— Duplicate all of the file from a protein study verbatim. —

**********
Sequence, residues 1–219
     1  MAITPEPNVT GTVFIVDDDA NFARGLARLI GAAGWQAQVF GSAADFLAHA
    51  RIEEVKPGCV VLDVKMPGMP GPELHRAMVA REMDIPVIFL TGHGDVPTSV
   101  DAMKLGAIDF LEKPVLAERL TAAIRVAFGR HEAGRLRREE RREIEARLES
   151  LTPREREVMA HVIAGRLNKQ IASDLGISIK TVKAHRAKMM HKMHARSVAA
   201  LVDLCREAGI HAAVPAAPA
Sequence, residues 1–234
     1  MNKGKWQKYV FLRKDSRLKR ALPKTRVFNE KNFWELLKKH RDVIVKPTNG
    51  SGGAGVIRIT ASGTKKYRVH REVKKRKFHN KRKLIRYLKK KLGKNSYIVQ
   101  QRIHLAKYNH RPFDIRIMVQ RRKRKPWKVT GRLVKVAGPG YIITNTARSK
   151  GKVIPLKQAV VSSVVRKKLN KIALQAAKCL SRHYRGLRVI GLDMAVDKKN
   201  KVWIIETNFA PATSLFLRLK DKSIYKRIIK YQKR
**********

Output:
Sequence, residues 1–219
     1  MAITPEPNVT GTVFIVDDDA NFARGLARLI GAAGWQAQVF GSAADFLAHA
    51  RIEEVKPGCV VLDVKMPGMP GPELHRAMVA REMDIPVIFL TGHGDVPTSV
   101  DAMKLGAIDF LEKPVLAERL TAAIRVAFGR HEAGRLRREE RREIEARLES
   151  LTPREREVMA HVIAGRLNKQ IASDLGISIK TVKAHRAKMM HKMHARSVAA
   201  LVDLCREAGI HAAVPAAPA
Sequence, residues 1–234
     1  MNKGKWQKYV FLRKDSRLKR ALPKTRVFNE KNFWELLKKH RDVIVKPTNG
    51  SGGAGVIRIT ASGTKKYRVH REVKKRKFHN KRKLIRYLKK KLGKNSYIVQ
   101  QRIHLAKYNH RPFDIRIMVQ RRKRKPWKVT GRLVKVAGPG YIITNTARSK
   151  GKVIPLKQAV VSSVVRKKLN KIALQAAKCL SRHYRGLRVI GLDMAVDKKN
   201  KVWIIETNFA PATSLFLRLK DKSIYKRIIK YQKR